Obamacare Debate an Ugly Process Lacking in Transparency Says…President Obama

Obamacare Debate an Ugly Process Lacking in Transparency Says…President Obama

Thursday the White House pushed back on the claim that the passage of Obamacare lacked transparency. But President Obama has already admitted that was the case in a major interview with ABC News broadcast in January 2010.

Obamacare architect Jonathan Gruber was caught on video at an event last year saying a “lack of transparency” was a big “political advantage” in the process of passing the bill into law. This clip and several more like it have been leading the non-network news cycle for most of the week.

Yesterday White House spokesman Josh Earnest was asked about Gruber’s claim. Earnest denied it was accurate saying, “The fact of the matter is, the process associated with the writing and
passing and implementing of the Affordable Care Act has been
extraordinarily transparent.” He added that President Obama, “is proud of the transparent process that was undertaken to pass that bill into law.”

Actually, President Obama was not at all proud of the process that led to the law’s passage. In a January 2010 interview with ABC News’ Diane Sawyer, Obama described it as an “ugly process” and added, “it looks like there are a bunch of back room deals.” The President admitted the lack of transparency had raised legitimate concerns even among his own supporters. “Part of what I had campaigned on was changing how Washington
works, opening up transparency and I think it is — I think the health
care debate as it unfolded legitimately raised concerns not just among
my opponents, but also amongst supporters…” he told Sawyer.

At the time, President Obama seemed to take some responsibility for the lack of transparency in the process saying, “we started worrying more about getting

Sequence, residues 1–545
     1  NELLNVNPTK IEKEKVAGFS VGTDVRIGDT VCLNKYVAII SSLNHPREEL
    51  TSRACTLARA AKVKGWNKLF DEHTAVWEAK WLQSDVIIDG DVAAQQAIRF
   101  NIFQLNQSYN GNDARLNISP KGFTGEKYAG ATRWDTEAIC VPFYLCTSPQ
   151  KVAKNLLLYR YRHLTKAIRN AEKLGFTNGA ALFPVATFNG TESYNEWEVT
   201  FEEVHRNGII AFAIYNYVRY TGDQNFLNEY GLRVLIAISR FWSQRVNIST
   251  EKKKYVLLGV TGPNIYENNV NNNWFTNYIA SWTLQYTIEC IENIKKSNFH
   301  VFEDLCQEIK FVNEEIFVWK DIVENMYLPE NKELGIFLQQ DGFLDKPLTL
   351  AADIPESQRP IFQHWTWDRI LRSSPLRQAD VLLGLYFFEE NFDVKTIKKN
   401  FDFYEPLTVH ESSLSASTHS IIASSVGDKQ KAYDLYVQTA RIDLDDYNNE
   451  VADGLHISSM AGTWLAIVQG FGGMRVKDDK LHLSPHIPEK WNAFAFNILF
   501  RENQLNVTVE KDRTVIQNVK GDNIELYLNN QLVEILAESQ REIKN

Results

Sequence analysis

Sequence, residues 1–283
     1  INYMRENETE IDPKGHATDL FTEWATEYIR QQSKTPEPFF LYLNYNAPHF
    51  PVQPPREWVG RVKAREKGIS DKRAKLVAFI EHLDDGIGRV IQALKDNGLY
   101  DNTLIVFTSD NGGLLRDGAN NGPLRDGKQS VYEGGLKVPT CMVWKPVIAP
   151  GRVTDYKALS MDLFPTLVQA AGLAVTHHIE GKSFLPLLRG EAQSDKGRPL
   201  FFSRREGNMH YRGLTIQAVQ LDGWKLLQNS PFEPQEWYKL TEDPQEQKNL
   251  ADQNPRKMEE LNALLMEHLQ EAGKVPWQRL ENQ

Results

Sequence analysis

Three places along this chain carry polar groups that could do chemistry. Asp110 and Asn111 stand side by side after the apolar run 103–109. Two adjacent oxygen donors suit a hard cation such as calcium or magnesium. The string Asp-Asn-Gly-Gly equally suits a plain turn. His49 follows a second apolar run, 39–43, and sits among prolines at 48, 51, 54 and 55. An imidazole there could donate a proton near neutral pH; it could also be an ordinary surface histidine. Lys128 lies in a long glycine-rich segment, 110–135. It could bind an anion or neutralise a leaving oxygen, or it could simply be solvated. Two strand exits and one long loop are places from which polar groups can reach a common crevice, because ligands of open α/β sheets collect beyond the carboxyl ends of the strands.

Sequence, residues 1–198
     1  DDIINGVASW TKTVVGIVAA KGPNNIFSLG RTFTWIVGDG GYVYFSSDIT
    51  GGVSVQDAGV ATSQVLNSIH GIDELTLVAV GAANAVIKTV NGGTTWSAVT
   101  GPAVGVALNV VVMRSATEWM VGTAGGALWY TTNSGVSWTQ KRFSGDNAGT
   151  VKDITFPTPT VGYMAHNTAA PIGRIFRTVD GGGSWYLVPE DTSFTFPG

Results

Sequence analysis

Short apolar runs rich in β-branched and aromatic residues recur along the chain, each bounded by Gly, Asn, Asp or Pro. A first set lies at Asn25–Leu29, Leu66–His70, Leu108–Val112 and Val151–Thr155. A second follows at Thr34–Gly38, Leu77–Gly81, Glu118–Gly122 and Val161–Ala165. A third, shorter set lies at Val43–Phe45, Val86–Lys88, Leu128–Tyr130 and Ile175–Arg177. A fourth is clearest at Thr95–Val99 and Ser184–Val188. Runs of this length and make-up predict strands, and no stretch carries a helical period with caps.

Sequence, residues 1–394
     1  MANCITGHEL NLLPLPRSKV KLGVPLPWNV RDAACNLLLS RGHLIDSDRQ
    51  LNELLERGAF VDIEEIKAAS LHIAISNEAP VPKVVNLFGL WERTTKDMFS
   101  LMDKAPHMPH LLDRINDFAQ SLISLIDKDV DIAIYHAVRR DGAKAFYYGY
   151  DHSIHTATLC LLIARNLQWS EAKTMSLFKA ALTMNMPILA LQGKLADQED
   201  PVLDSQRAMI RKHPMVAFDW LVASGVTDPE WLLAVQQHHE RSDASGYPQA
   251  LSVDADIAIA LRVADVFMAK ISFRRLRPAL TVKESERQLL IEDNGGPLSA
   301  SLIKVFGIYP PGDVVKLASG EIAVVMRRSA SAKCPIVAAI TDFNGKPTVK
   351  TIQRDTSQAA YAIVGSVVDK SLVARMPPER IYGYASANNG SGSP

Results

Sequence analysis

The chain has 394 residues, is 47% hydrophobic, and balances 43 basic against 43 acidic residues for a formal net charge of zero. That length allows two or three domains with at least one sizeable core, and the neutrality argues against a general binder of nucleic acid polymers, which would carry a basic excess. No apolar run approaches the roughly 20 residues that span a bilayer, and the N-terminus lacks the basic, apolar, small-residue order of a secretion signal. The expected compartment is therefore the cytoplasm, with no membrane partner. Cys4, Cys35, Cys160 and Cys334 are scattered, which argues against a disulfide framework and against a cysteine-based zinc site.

the policy right than getting the process right.” He promised to “own up to the fact” that the process hadn’t lived up to his ideals.

During the 2008 campaign, President Obama repeatedly promised that negotiations for a health reform bill would be put on C-Span so everyone could witness the process. While C-Span did cover votes and other congressional action on the bill, the all important negotiations remained private. Politifact rated it a broken campaign promise.

Ironically, by the end of 2010 then Deputy White House spokesman Josh Earnest had threatened and the cut off C-Span over a spat about a mildly embarrassing interview of the President. C-Span confirmed to the Washington Post that they have not had any interviews with a major White House figure in the four years since.

Here is the exchange between Diane Sawyer and President Obama. When the interview aired (clip below courtesy of TPM) the last part of the President’s answer was edited out.

SAWYER: Health care — going forward, should all the conversations, all
the meetings be on C-SPAN?

OBAMA: You know, I think your question points out to a legitimate
mistake that I made during the course of the year, and that is that we
had to make so many decisions quickly in a very difficult set of
circumstances that after awhile, we started worrying more about getting
the policy right than getting the process right. But I had campaigned on
process. Part of what I had campaigned on was changing how Washington
works, opening up transparency and I think it is — I think the health
care debate as it unfolded legitimately raised concerns not just among
my opponents, but also amongst supporters that we just don’t know what’s
going on. And it’s an ugly process and it looks like there are a bunch
of back room deals.

Now I think it’s my responsibility and I’ll be speaking to this at the
State of the Union, to own up to the fact that the process didn’t run
the way I ideally would like it to and that we have to move forward in a
way that recaptures that sense of opening things up more.


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